The thermal printer is an alternative to inkjet and laser printers and has a significant place in application niches for which it is especially well suited.
When engineers and average consumers think of printers to use with their PC at home or office, they usually think of one of two types: the inkjet printer or the laser printer. That makes sense, as those two technologies dominate in those settings.
Yet, another printer technology is somewhat less well-known yet very widely used: the thermal printer. This printing technology has evolved and adapted to the availability and low cost of inkjet and laser printers by finding a distinct set of applications where it excels. Thermal printers can be large or small, but most now are the smaller ones widely used for printing address/mailing labels, various product tags, barcode labels, QR codes, tickets, and receipts in retail point-of-sale (POS) situations (Figure 1). Some are even used as “strip printers” to record electrocardiogram (ECG/EKG) signals for post-test review.
The thermal printer is conceptually simple and uses a series of controlled heated microdots to activate or transfer pigments to paper. Note there is a difference between the keywords “activate” or “transfer” as these are two distinctly different yet related approaches to thermal printing.
This article looks at the technology and design of these two types of thermal printers. It will not compare thermal printers to inkjet and laser printers, as there are too many variables to consider; also, the end-application is a major factor in determining the “best” printer for a given situation as much as the printing technology.
The thermal printer was initially developed in the 1970s and has, of course, been refined extensively since then. One fascinating aspect is that one of its co-inventors was the legendary Jack Kilby of Texas Instruments. Kilby and two co-inventors are on the US patent #3,496,333 (1970) with the very brief title “Thermal Printer.” He is best known to most engineers for his development of the integrated circuit (IC) in 1958, for which he was awarded the Nobel Prize in Physics in 2000 for that his breakthrough discovery, and is also co-named on US patent # 3,819,921 (1974) for “Miniature Electronic Calculator.”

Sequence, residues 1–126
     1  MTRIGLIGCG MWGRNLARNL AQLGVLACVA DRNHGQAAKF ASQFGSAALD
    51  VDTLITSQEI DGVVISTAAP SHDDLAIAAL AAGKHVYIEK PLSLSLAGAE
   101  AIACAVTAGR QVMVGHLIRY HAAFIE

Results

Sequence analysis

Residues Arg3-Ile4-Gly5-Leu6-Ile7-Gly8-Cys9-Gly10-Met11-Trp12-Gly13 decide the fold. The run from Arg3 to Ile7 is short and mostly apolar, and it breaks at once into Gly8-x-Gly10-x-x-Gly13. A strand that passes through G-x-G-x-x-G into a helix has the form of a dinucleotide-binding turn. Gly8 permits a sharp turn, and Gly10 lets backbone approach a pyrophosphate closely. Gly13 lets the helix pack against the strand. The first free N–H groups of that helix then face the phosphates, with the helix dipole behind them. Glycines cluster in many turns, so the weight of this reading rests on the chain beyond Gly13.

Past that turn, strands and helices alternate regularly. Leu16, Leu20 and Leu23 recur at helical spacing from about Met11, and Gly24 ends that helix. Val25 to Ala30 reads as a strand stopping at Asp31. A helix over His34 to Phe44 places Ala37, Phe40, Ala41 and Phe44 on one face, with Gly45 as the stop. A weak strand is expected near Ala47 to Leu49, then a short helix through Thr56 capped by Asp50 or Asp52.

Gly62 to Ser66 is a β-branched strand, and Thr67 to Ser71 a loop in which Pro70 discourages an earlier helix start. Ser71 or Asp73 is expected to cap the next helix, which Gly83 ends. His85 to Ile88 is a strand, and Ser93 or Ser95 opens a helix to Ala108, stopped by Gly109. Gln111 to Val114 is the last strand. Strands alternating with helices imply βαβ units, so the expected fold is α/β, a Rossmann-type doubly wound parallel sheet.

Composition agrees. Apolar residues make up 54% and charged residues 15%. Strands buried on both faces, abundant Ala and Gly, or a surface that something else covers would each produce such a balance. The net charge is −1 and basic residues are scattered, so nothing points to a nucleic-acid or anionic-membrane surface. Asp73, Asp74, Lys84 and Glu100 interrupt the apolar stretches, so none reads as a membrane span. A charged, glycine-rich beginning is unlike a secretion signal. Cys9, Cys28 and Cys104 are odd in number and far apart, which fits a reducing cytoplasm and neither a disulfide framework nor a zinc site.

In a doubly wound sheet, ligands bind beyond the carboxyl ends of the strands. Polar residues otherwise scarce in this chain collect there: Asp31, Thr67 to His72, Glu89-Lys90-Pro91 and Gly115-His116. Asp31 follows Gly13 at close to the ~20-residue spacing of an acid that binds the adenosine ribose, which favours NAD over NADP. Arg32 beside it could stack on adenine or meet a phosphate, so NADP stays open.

The thermal-print patent describes a thermal display in technical-legal language with an array of thermally isolated semiconductor bodies, each including a semiconductor heating element, a way to selectively electrically energize these heating elements to produce heat defines a form of information representation, and a means to thermally couple these to paper.
The design also includes P-N junctions in the semiconductor bodies, along with conductors located between the bodies and the one surface of the substrate, for selectively electrically energizing the heater elements. Perhaps not coincidentally, some handheld and desktop calculators are equipped with tiny printers, thus combining two of Kilby’s patents.
Critical to thermal printers is that IC technology allowed the construction of a row of ultra-tiny, electrically activated heating elements. If these closely spaced, tiny heaters – on the order of 100 per inch – could somehow be used to print onto paper, then a low-cost, easily controlled printer mechanism is possible.
The thermal printer market
Although you may not have realized that you were using or being served by a thermal printer, such printers are very widely used. Market researchers have provided some estimates of the market for these printers. For example, Global Market Insights claims the thermal printing market size exceeded $30 billion (US dollars) in 2019 and is poised to grow at a 7 percent compound annual growth rate (CAGR) between 2020 and 2026, reaching as much as $50 billion (Figure 2). Even if that is an optimistic forecast, the key message is that it will be a large number.
Future Market Insights, another research group, says the market for thermal printing registered a CAGR of 5.8 percent From 2016 to 2020. Their home page also identifies about 20 vendors of thermal printers, including well-known and lesser-known names. They segment their numbers into both geographic and end-application niches (Figure 3).
The next part of the article looks at the basic operating principles of thermal printers.
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